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What is a ballot initiative?
Ballot initiatives, also commonly known as ballot measures or referendums, are questions placed before voters on local or statewide ballots. The ballot initiative process gives people the ability to propose constitutional amendments or statutes (depending on the state) and collect signatures to place those proposals directly before voters.
Through ballot initiatives, a majority of voters tell the legislature what the public wants to get done. Voters in red, blue, and purple states have used ballot initiatives to get issues on the ballot that the legislature refuses to take up so that we can pass laws that help our communities.
What is direct democracy?
The citizen-initiative process, also known as direct democracy, gives voters the power to directly propose and pass new laws by putting them up for a vote.
Direct Democracy is the will of the people. No matter who we are or where we’re from, we all want the freedom to make decisions on important issues that impact our lives. Direct democracy is an essential tool for passing people-centered policies at the state and local level. Further, we believe direct democracy is a critical part of building an inclusive, participatory, and thriving democracy. It is a process that is truly by the people and for the people.
What is the ballot initiative process by state?
|Constitutional Amendments: An initiated constitutional amendment is a citizen-initiated ballot measure that directly amends a state’s constitution.
|State Statutes: Initiated state statutes are citizen-initiated ballot measures that amends state statute.
|Veto Referendum: Veto referendums are citizen-initiated ballot measures that ask voters whether to uphold or repeal a law that has already been enacted.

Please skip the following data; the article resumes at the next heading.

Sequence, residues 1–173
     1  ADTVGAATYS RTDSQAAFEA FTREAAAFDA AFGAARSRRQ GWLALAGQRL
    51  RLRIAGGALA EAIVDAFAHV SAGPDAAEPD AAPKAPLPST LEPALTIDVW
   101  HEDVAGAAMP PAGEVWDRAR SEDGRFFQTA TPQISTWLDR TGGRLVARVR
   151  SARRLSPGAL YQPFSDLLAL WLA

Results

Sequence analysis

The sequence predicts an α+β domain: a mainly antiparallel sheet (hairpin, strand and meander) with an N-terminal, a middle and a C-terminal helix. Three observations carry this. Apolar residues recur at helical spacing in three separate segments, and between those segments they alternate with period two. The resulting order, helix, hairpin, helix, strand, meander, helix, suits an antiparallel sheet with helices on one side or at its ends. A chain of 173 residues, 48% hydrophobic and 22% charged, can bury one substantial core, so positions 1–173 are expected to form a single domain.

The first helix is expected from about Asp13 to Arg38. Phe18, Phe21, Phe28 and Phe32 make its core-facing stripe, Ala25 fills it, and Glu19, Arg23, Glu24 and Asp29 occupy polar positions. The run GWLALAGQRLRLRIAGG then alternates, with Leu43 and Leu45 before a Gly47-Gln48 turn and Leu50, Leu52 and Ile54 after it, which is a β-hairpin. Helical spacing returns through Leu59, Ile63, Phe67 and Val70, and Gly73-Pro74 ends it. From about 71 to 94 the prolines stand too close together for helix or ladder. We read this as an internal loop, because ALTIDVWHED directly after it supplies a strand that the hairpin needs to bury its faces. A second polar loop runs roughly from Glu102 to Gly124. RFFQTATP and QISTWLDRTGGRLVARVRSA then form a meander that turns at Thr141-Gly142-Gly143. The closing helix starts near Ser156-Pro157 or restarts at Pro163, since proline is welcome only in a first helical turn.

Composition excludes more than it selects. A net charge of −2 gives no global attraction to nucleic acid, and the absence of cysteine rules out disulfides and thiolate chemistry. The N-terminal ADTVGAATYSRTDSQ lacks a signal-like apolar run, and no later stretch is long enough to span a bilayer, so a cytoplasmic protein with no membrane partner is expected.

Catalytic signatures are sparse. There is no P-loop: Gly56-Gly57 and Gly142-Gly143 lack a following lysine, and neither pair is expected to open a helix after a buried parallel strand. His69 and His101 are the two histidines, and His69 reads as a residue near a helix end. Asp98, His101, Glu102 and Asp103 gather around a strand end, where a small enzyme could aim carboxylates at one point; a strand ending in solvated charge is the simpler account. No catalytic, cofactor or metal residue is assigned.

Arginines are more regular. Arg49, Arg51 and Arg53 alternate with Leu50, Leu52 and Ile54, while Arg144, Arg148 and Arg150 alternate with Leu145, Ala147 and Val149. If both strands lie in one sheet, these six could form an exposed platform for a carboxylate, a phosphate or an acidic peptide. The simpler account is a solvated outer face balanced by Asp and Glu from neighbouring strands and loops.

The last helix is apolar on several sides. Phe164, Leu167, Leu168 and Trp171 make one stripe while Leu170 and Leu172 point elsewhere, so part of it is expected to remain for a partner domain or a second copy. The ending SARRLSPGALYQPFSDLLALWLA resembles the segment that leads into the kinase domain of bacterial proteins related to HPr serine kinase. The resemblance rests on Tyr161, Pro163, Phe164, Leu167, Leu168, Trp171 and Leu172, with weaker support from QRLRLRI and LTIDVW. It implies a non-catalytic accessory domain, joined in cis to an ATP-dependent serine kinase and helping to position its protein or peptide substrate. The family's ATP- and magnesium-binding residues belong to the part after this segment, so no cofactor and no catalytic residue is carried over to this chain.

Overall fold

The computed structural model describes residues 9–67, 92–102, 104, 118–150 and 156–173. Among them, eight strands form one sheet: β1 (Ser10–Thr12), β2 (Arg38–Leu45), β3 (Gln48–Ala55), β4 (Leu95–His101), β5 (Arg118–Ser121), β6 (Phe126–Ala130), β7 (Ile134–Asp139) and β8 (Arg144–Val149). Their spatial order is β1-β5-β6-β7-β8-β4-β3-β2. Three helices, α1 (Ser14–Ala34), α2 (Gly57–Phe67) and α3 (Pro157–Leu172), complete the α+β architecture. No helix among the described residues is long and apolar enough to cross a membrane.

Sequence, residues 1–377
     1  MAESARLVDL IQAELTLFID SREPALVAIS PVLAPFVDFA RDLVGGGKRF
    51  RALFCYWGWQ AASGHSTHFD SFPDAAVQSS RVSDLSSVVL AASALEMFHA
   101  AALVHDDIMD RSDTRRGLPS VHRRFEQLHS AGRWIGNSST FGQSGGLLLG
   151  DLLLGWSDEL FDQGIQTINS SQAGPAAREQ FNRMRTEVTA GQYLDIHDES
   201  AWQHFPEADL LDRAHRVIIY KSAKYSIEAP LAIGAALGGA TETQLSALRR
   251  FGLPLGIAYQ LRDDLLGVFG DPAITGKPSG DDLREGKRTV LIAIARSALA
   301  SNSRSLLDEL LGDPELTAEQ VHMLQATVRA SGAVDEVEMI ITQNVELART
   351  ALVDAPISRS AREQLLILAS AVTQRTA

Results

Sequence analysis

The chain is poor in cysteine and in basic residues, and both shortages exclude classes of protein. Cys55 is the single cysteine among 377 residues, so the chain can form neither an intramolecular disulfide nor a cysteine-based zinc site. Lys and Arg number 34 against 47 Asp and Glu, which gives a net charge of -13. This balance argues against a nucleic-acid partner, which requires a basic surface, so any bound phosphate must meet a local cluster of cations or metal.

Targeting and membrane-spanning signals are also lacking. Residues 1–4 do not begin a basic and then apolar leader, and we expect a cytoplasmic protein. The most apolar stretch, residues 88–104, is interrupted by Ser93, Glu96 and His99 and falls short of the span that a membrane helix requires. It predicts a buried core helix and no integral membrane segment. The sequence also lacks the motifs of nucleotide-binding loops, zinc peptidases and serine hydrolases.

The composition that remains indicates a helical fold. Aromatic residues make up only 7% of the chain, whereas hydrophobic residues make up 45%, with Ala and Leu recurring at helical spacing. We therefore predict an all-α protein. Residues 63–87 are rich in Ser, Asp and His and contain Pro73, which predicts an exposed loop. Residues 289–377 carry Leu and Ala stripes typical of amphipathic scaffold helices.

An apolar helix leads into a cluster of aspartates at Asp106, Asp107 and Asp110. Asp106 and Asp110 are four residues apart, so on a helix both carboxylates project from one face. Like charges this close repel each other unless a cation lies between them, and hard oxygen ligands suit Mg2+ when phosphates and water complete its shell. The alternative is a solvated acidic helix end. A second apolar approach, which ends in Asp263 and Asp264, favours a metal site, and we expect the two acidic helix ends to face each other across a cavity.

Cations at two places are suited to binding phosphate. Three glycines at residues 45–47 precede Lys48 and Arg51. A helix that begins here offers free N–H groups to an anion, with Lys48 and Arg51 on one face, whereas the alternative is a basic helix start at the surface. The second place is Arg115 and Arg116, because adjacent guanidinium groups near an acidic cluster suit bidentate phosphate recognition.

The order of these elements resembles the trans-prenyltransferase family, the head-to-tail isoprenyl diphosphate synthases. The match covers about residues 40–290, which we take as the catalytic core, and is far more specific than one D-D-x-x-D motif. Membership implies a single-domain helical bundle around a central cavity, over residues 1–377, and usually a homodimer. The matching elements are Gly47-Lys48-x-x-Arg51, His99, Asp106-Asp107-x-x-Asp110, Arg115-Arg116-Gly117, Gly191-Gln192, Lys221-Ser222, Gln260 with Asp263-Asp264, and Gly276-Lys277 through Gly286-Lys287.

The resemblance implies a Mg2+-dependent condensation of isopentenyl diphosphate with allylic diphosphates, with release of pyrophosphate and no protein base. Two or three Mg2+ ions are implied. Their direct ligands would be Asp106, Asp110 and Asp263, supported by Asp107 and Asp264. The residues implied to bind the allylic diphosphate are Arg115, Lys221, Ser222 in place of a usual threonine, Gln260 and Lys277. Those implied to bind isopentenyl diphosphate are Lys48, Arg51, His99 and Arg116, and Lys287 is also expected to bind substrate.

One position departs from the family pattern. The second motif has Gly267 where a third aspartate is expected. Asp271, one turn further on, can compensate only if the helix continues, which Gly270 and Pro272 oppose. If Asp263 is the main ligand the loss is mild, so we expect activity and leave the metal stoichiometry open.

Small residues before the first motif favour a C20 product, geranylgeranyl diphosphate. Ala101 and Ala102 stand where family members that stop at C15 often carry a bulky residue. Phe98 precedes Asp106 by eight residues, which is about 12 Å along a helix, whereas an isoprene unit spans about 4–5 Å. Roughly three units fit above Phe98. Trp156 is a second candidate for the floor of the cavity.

How does an initiative end up on the ballot?
Broadly speaking, there are two ways for initiatives to end up on the ballot:
- Citizen-initiated ballot initiatives: Volunteers and/or paid canvassers can knock on doors and speak with individuals in their communities to collect the required number of petition signatures to qualify an initiative for a public vote. Each state has a different number of signatures required for an initiative to qualify for the ballot.
- Legislatively-referred ballot initiatives: Measures can be referred to the ballot by state lawmakers in the legislature.
What types of ballot measures are there?
- Citizen-initiated constitutional amendments: A citizen-initiated ballot measure directly amends a state’s constitution. Currently, 18 states allow citizen-initiated constitutional amendments, which can be direct or indirect. Direct initiatives go straight to voters, whereas indirect initiatives go to the state legislature before potentially appearing before voters.
- Citizen-initiated state statutes: Citizen-initiated ballot measures amend state statute rather than the state constitution. 21 states allow citizens to initiate state statutes, which can also be direct or indirect. While direct initiatives go straight to voters, an indirect initiated statute first goes to the state legislature — which has the power to enact the initiative without putting it before voters.
- Legislatively referred ballot measures: Legislatively referred ballot measures appear before voters on a state or local ballot after being placed there by the state legislature or local lawmakers (rather than being proposed by residents). Legislatures in each state have the power to refer measures to the ballot.